The emergence of Viet Nam and Thailand as global hubs of wood products trade
Viet Nam’s exports have surged over the last four years, with veneer predominantly shipped to China and tropical plywood and wooden furniture mainly to the United States. In 2020, with the country’s early control of the pandemic enabling a quick resumption of production and exports, Viet Nam was able to capture a surge in demand from the United States.
Exports are manufactured from a combination of domestic and imported fibre. Viet Nam’s imports of primary products from Lao PDR, Myanmar and Cambodia have declined considerably and have been replaced by supplies from the African region. There is, on the other hand, an increasing trend of forest trade in plantation timber and fibre, including from Lower Mekong sourcing countries.
Figure 3: Viet Nam: Exports of wooden furniture, by value, 2010-2020, by country of destination
In Thailand, no legal timber harvests in natural forests have been allowed since 1989. The focus on domestic harvest has shifted to plantations. Thailand now has a strong export industry based on sawnwood produced from rubberwood plantations. These plantations cover more than 3.7 million ha, with 90% of production being exported to China, mainly as sawnwood (Figure 4) and to a lesser extent, wooden furniture. Thailand is also a major exporter of wood-based panels, particularly MDF and particleboard which are based on plantation grown wood, including rubberwood. In 2020, the rubberwood industry was severely impacted by Covid-19 restrictions in the furniture manufacturing industry in China.
Figure 4: Thailand exports of tropical sawnwood, 2010-2020, by volume, by country of destination
The ongoing importance of China in the regional wood products trade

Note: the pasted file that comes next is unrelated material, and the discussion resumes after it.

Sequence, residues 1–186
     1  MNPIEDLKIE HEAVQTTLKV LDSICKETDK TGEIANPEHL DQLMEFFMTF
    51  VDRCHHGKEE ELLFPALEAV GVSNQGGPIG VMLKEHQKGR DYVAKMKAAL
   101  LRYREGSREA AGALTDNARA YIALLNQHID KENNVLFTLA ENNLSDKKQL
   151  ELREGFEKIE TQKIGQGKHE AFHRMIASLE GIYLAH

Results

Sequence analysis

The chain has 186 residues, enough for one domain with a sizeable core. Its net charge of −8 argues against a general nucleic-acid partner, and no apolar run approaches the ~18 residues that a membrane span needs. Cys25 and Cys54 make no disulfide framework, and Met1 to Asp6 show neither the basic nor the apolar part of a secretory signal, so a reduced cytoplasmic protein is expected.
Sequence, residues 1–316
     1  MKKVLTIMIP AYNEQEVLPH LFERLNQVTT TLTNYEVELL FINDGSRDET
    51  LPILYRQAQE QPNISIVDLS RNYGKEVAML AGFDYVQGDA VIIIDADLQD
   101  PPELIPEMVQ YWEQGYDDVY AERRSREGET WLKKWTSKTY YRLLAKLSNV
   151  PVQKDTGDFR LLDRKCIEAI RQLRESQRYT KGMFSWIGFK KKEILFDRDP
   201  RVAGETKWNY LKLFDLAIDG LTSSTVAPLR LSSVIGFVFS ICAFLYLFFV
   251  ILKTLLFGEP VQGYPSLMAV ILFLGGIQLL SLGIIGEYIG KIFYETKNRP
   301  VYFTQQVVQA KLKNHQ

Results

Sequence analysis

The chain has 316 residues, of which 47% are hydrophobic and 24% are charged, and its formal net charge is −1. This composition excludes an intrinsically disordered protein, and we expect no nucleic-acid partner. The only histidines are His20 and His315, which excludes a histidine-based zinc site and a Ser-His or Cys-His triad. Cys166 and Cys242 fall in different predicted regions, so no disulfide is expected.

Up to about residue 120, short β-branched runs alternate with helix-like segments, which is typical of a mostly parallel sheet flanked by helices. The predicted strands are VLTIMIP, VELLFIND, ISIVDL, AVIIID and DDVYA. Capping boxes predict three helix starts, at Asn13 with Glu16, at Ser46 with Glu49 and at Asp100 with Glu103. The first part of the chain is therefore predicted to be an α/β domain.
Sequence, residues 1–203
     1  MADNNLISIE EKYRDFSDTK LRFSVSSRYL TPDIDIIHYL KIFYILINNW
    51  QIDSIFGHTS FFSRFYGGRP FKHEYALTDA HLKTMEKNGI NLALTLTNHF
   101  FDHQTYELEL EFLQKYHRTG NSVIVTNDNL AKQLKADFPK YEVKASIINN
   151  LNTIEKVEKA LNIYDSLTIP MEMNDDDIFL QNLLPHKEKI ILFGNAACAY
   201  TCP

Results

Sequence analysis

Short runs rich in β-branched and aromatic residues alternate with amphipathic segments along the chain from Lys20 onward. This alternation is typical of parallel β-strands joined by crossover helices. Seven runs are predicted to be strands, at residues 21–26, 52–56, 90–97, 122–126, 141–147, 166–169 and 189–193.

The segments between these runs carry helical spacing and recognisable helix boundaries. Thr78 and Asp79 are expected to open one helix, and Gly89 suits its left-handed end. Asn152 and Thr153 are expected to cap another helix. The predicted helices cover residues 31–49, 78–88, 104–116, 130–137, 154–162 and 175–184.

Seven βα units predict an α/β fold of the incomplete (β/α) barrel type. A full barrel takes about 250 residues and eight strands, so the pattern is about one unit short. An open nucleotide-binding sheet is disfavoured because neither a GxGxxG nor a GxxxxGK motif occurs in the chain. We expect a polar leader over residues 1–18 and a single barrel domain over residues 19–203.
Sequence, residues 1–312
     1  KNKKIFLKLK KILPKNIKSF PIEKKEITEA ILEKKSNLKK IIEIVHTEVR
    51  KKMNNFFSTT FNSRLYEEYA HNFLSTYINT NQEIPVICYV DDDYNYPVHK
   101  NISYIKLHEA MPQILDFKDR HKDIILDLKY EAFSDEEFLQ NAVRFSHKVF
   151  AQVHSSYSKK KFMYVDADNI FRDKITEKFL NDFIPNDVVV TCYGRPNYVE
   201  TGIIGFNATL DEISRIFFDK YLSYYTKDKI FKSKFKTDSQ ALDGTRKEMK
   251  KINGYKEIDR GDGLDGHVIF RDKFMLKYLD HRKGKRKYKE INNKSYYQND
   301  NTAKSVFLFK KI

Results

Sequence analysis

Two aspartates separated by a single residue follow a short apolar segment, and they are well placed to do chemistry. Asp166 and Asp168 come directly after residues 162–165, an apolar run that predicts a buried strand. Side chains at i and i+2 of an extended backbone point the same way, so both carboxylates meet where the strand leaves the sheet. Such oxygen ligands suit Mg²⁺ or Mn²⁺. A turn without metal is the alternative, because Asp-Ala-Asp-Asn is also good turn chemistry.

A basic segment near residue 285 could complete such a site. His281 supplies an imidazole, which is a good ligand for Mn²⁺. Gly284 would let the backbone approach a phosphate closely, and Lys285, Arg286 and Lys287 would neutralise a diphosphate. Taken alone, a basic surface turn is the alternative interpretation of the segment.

China is an important destination for many wood products produced in the LMR region because of both the significant domestic consumption of wood products and the size of the wood processing industry for re-export. One species of particular note is rosewood. China’s demand for LMR rosewood has been dampened in recent years by escalating prices, resulting in part from improved control on export of CITES-listed species and the availability of less costly substitute species from Africa.
Rosewood species that have been exported from LMR countries include Dalbergia cochinchinensis and Dalbergia oliveri, both of which have been listed in CITES Appendix II since 2016.
Figure 5. Value of China imports of “rosewood” logs by major country of origin, 2008-2020
Increasing the role of forest trade governance and certification to improve sustainable trade
Trade and forest governance mechanisms will need to be put in place in order to pave the way for a sustainable regional forest industry that is also a source of green jobs. While there is still a ways to go, there are positive signs that Myanmar, Lao PDR and Cambodia are moving in the right direction.
For example, in addition to exiting national policies, Lao PDR is making progress in its negotiations with the EU on a Forest Law Enforcement, Governance and Trade (FLEGT) Voluntary Partnership Agreement (VPA).
Cambodia and Myanmar have also been active in implementing their respective FLEGT action plans. Currently, timber from natural forests will mostly be outside the scope of sustainable trade, with the exception of conversion timber which remains a significant source of unsustainable timber.
Within the Lower Mekong, voluntary commitments from the forest industry on sustainable production and legal trade are increasing, including corporate actions to comply with international forest certification standards. As well, developments in all three countries are being made to advance the development of national forest certification systems and infrastructure.
*This article is based on the draft report by Fran Maplesden of ITTO.
This article is part of the 8-story mini series featuring key highlights, lessons learnt and insights in the first phase of the UN-REDD Lower Mekong Initiative. Click on the link below to read the rest of the articles.